In fact, if there is a god, I’m still pretty pissed off at him.
Today, though, I can’t help but contemplate the religious meaning in both Easter and Passover.
Seven years ago, on Easter Sunday, my husband, Erik, and I admired our 17-month-old daughter, Tatiana, as she carefully grasped purple and pink polka-dotted eggs in the grass.
“Do you think about how lucky we are,” I said to Erik.
He rubbed my ripe, pregnant belly. “Yeah, I think about it at least five times a day.”
Erik was a rising-star manager for Lucas Digital and I had photographed over two-thousand Northern California families through my children’s photography business. We were both 29, both excited to be only two months away from the birth of our second daughter, Keira.
Fortunately, our marriage had reached the point in which laughter, or the playful flick of a middle finger, could end most conflicts.
That Easter Sunday, right after our casual family dinner, Erik kissed all over Tatiana’s round, olive cheeks. “Who’s my itty bitty ditty bug?”
She kicked her legs, in her lime-green high-chair, squealing with delight, “Da-Da!”
And then the delight vanished. Laughter silenced itself, as we watched Erik slide down the kitchen counter.
Are you kidding me?
He lay motionless on the cold, white-tiled kitchen floor.
“Erik, get up.”
Then I noticed the blood. A line of blood trickling down his mouth.
This can’t be happening.
“Don’t worry, Tatiana. Da-da’s going to be okay.”
But he wasn’t okay.
No, Erik did not rise like the stories of Jesus. Nor did Erik’s blood mark him to be passed over.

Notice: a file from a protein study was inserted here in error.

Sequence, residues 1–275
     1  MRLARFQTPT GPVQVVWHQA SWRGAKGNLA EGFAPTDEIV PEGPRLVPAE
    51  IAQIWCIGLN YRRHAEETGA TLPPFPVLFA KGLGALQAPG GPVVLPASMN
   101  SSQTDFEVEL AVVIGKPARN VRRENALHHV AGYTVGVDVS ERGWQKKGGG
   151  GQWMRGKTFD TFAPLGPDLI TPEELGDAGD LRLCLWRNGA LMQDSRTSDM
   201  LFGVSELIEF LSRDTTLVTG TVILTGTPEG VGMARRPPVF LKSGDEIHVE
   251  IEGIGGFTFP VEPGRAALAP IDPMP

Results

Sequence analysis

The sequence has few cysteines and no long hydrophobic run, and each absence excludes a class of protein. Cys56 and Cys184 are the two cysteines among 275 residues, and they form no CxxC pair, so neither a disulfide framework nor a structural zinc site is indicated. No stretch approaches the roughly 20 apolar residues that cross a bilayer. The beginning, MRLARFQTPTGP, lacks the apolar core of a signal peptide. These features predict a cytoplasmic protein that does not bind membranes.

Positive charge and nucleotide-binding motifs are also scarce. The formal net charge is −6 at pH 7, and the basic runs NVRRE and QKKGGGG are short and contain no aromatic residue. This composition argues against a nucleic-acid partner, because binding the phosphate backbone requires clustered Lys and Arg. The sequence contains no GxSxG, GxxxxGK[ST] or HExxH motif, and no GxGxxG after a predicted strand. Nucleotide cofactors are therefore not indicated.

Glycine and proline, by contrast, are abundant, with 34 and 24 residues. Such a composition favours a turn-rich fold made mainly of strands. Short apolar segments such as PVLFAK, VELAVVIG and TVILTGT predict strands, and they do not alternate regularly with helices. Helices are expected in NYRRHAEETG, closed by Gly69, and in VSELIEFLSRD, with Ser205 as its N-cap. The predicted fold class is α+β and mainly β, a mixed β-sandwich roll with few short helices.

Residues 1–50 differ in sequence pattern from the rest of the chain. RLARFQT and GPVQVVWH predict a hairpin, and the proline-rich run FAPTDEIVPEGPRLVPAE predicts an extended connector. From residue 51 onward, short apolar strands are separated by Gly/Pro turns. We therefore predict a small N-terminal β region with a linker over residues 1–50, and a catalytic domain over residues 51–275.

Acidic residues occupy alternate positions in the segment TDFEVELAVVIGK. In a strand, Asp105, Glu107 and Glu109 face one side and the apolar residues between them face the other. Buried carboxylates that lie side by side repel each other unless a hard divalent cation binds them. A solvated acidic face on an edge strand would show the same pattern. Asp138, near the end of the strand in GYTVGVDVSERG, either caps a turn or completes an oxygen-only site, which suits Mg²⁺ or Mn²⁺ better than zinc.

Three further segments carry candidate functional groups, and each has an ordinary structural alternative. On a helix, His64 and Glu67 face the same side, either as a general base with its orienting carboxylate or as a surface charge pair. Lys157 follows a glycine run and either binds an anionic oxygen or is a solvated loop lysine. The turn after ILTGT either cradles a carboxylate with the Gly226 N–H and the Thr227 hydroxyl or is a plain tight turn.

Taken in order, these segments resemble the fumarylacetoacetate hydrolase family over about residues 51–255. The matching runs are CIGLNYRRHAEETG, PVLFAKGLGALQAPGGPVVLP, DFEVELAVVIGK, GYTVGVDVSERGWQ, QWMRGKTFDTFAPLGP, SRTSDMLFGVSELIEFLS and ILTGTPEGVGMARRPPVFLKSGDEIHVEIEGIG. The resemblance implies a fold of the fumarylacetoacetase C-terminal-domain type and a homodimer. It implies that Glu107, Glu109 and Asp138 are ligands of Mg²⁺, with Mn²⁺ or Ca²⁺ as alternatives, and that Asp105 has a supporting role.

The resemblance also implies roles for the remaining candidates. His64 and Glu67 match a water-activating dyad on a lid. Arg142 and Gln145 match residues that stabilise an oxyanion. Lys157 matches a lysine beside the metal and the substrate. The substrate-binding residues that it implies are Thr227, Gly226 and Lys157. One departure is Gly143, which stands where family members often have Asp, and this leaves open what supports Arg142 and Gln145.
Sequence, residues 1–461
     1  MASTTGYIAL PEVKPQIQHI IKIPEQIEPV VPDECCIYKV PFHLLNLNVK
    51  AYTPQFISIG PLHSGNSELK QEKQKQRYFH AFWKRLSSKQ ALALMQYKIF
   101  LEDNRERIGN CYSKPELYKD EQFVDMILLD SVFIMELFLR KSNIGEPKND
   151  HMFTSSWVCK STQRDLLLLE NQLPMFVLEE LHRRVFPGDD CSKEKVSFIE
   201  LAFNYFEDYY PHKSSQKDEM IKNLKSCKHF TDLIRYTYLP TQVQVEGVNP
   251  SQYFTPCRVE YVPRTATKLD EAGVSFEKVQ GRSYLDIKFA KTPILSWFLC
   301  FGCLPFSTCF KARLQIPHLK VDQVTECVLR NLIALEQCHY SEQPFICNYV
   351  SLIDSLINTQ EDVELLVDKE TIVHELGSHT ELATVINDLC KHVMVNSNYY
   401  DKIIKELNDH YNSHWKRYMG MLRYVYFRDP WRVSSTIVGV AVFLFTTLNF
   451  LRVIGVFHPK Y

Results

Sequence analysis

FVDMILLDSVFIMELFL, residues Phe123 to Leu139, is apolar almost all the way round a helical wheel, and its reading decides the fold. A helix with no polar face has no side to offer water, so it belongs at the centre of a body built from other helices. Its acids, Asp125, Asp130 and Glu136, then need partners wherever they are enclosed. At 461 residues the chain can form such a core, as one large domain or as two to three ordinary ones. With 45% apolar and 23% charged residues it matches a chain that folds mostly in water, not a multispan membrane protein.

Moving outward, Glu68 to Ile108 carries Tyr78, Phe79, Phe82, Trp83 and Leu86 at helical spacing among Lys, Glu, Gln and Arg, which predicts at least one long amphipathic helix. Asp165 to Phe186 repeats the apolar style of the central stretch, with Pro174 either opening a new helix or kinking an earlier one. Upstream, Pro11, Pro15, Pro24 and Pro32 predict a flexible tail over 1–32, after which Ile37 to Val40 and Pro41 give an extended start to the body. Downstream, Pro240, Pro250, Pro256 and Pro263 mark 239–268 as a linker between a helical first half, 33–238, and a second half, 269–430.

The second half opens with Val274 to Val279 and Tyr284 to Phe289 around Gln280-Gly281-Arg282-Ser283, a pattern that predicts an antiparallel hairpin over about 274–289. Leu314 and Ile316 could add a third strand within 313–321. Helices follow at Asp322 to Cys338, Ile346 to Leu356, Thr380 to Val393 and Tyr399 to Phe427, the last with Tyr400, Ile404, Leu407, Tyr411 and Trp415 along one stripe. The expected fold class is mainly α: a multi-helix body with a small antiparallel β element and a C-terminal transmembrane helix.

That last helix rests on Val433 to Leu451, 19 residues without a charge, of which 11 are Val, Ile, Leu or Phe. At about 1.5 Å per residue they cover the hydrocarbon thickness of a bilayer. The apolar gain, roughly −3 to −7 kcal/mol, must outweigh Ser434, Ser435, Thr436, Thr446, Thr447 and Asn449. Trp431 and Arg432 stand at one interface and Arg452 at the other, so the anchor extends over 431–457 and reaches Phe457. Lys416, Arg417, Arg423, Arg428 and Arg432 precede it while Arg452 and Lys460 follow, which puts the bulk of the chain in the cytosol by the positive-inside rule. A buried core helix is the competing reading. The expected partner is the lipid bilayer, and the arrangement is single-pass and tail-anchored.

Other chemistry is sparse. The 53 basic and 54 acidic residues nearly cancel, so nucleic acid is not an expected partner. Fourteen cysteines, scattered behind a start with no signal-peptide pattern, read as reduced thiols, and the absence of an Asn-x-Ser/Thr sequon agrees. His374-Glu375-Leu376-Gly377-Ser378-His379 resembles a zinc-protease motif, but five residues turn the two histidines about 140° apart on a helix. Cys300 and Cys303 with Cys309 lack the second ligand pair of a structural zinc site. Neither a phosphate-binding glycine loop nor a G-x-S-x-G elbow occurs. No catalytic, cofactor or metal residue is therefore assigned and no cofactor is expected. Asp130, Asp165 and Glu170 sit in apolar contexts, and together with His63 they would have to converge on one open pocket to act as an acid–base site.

Erik was dead.
Just like that.
So, here it is, seven years later, and this scene has hammered my mind like an incessant woodpecker. Again and again, I have let grief’s beak rip open my forehead, in order to make sense of things.
But this Easter morning is different.
This Easter, Tatiana and Keira, now 8 and 6, have an older brother and a new baby brother. This year, we are all blessed by Evan, my new Match.com husband, who adopted the girls two years ago.
And this year, Easter just so happens to be April 4th, the day before Evan’s April 5th birthday.
What does this mean?
I used to think that Erik’s death on Easter Sunday simply packed my anger with more ammunition, but now I have deeper understanding.
Like these two dates, death and life sleep side by side.
Because of my sadness, my joy is now amplified. Because I have witnessed death, I know to celebrate life.
Now, as Evan and I help our four children decorate their Easter eggs, I feel the renewal in Spring.